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Saturday, February 6, 2010

Jail Those Who Hurt Elderly, Say Police

A disturbing increase in attacks on Queensland's most vulnerable people has police calling for offenders who assault the elderly to be jailed automatically.

Since 2005, the number of sex attacks on people 65 and over has trebled from just eight to 29 a year.

And assaults have climbed by almost 20 per cent, from 212 to 254.

A series of high-profile attacks in the past 12 months has added to the perception that elderly people are increasingly at risk of violence in Queensland.

Last Tuesday, an 82-year-old grandmother raking leaves in her Rockhampton backyard was subjected to a horrific sexual assault, allegedly by an 18-year-old man armed with a fire extinguisher.

Yesterday, she remained in the Royal Brisbane and Women's Hospital in a serious but stable condition.

Cairns charity worker Maria Ball did not survive the shocking attack on her on May 24 last year as she walked to a market.

And in August, elderly Mount Isa couple Fred and Phyllis Mabb were bashed to death in their own home.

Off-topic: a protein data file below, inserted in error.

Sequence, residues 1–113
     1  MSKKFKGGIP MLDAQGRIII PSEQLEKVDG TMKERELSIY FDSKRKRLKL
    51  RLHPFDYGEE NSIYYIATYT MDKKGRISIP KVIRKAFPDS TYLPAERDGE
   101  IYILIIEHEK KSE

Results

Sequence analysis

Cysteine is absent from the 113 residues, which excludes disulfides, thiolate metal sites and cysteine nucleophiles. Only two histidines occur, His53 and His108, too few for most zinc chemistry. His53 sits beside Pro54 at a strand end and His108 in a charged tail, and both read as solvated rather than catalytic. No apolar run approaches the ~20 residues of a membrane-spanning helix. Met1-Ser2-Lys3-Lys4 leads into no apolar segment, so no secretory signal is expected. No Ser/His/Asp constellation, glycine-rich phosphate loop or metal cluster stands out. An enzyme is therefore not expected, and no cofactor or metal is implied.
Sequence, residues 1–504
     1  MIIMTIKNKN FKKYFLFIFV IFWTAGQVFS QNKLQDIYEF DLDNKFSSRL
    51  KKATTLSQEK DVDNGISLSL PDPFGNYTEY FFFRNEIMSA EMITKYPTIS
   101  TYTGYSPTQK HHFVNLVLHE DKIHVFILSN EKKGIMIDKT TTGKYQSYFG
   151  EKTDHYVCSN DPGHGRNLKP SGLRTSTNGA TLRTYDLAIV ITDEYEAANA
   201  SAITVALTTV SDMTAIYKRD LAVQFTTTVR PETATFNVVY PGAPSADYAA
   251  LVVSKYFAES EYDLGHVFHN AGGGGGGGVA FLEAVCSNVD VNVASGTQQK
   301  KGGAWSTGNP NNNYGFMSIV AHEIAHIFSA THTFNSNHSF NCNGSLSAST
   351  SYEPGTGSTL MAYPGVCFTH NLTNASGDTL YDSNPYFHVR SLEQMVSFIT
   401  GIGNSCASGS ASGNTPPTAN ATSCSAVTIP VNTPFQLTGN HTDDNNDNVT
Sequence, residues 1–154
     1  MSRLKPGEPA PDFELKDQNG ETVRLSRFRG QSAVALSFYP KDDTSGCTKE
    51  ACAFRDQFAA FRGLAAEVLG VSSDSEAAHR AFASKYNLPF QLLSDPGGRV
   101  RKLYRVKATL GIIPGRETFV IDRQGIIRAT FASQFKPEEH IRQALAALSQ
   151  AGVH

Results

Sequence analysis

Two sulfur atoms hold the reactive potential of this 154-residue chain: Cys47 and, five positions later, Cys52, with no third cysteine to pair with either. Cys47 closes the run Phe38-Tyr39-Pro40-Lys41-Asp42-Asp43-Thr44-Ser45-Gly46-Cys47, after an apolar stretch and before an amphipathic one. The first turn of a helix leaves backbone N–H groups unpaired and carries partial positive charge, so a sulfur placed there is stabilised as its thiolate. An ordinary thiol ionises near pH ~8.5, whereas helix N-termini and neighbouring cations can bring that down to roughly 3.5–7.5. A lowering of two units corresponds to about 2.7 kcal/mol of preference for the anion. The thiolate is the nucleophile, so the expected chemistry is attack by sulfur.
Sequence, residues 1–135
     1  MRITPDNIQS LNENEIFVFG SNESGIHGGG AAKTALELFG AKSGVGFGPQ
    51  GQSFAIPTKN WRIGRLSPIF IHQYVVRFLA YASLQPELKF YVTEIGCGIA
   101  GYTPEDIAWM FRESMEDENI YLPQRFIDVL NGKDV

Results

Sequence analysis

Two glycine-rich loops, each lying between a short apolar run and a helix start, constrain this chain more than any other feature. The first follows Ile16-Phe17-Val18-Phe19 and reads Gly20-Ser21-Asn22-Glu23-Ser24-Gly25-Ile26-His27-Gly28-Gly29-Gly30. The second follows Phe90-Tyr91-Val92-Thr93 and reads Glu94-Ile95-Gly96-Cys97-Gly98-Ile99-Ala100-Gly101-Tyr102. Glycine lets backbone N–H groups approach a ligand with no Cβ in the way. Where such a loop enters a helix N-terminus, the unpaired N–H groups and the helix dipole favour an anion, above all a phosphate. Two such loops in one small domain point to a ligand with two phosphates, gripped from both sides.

Bond University criminologist Professor Paul Wilson said the vicious nature of the assaults and the rising number of attacks on the elderly was a sad indictment on society.

"It's another indicator of the callousness and disregard for the vulnerable in our society," Professor Wilson said.

"And the elderly certainly are a vulnerable group."

Queensland Police Union president Ian Leavers said people convicted of assaults on people older than 65 should be automatically jailed for a minimum of three months. "People who viciously and callously assault the elderly should have the book thrown at them," Mr Leavers said.

Ceciley Rowell, 75, has first-hand experience of the courts' lenient treatment of violent offenders.

She was left with permanent hand injuries after being dragged 10m over bitumen in a frightening drive-by bag snatch at Stafford in 2006 but her attackers were free within a year.

"I check the papers every day for their names. It has totally changed my life," Ms Rowell said.

"I live like a prisoner. I always check the house 100 times before I leave, and another 100 times when I get home."

Mr Leavers said police were sick of arresting people who commit crimes of extreme violence only to have the courts impose little or no actual jail time.

Source: http://www.globalaging.org/elderrights/world/2010/jail.htm

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